May 28, 2024

UK medicos at loggerheads over transgender treatment for children

Is a civil war between English doctors looming over transgender treatment for children and adolescents? 

On the one hand the Cass Review commissioned by England’s National Health Service recommended that the country’s leading gender clinic be closed. A couple of weeks ago, the UK banned routine prescription of puberty blockers to teenagers. It said that “we have concluded that there is not enough evidence to support the safety or clinical effectiveness of [puberty blockers] to make the treatment routinely available at this time.” 

On the other hand, the Royal College of Paediatrics and Child Health has just published a scathing attack on a conservative approach to gender dysphoria. In a comment on a document from the Department of Education, Professor Andrew Rowland questions whether parents should be consulted about how to deal with a gender-questioning or gender dysphoric child. 

We are particularly concerned by the provisions set out for primary school age children. Studies show that most people who experience gender dysphoria first experience this between the ages of 3 and 7 years. The guidance’s suggestion that ‘primary school aged children should not have different pronouns to their sex-based pronouns used about them’ removes an opportunity for primary schools to manage distress in young children who are gender questioning or with gender incongruence.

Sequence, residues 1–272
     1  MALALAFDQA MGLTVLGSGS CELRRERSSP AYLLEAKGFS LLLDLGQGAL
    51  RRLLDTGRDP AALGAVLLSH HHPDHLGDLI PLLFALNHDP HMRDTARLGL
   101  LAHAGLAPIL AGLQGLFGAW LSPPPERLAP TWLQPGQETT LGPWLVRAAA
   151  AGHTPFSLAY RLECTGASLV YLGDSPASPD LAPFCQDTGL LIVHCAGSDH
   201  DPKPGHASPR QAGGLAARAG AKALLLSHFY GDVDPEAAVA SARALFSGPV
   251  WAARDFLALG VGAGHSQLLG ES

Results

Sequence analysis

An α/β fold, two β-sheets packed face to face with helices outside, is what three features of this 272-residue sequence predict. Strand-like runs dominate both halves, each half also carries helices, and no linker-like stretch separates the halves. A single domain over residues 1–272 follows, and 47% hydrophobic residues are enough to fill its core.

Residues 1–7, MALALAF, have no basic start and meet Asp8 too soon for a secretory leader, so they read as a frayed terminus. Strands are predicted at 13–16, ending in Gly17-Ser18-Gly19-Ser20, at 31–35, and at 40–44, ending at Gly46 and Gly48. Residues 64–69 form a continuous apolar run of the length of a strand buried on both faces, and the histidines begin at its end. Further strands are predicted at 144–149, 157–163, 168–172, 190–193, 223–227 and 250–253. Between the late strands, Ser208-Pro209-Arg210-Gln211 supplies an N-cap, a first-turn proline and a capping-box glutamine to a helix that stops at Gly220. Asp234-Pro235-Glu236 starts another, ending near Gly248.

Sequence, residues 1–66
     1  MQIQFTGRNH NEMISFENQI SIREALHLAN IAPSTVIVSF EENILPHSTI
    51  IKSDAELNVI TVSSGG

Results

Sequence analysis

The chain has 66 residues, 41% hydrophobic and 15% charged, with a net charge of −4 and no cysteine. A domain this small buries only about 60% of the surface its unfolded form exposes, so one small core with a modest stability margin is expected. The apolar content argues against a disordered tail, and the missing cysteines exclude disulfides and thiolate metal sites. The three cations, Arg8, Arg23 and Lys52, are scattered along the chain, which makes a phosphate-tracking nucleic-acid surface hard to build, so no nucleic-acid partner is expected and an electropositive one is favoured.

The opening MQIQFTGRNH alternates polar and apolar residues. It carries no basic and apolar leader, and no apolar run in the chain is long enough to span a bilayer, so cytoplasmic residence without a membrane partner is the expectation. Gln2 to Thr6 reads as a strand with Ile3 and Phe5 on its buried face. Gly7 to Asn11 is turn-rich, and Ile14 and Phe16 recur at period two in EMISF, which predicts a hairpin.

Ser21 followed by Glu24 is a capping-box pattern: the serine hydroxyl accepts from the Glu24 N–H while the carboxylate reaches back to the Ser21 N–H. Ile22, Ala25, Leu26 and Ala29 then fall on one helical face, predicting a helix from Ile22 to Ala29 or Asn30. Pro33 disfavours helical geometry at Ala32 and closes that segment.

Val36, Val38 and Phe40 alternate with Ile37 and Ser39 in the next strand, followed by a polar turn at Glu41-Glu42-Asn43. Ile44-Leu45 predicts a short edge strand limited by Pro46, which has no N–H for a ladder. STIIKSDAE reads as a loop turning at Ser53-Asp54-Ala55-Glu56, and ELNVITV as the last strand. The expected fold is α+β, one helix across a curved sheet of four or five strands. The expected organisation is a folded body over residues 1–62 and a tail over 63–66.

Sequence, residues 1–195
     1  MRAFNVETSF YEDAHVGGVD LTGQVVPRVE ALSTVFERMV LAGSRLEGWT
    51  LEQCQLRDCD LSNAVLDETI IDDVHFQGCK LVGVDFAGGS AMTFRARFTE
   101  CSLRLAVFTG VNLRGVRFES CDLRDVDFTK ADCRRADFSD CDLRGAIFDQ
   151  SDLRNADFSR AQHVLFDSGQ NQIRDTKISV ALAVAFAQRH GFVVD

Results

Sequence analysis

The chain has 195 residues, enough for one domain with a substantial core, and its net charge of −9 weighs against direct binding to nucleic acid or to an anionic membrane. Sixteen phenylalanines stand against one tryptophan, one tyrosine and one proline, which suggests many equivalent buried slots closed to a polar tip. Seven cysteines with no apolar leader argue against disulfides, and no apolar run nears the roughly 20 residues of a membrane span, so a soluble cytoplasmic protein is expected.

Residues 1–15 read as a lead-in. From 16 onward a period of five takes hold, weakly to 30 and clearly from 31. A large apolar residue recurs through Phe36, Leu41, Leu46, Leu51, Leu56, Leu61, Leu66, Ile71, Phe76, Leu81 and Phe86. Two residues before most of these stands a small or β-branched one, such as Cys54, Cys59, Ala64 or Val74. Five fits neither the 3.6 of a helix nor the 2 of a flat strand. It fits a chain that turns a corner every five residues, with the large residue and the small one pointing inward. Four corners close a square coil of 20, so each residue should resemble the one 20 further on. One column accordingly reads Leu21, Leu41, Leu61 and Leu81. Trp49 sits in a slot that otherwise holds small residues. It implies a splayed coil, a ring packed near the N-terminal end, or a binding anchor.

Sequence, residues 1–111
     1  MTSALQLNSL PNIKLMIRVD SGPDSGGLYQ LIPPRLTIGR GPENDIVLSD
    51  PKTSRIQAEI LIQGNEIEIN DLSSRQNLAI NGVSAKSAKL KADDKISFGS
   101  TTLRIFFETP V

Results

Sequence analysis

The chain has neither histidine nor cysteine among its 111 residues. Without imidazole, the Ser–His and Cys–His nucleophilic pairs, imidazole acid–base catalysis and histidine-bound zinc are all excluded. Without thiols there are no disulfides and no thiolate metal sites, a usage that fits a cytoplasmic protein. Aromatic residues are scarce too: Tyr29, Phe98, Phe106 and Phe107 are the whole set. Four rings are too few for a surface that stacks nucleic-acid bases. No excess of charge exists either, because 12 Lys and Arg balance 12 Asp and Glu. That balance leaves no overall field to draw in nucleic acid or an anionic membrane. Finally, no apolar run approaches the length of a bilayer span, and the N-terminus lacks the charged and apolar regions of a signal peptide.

He believes that English education bureaucrats should take a leaf from their counterparts in Scotland, whose stand is very different. 

The RCPCH’s stand is sure to be controversial. One critic, the Family Education Trust, tweeted that “It is hugely concerning to see that the Royal College of Paediatrics and Child Health thinks that parents are a risk to their children and that 4-11 year olds should be allowed to socially transition at primary school”.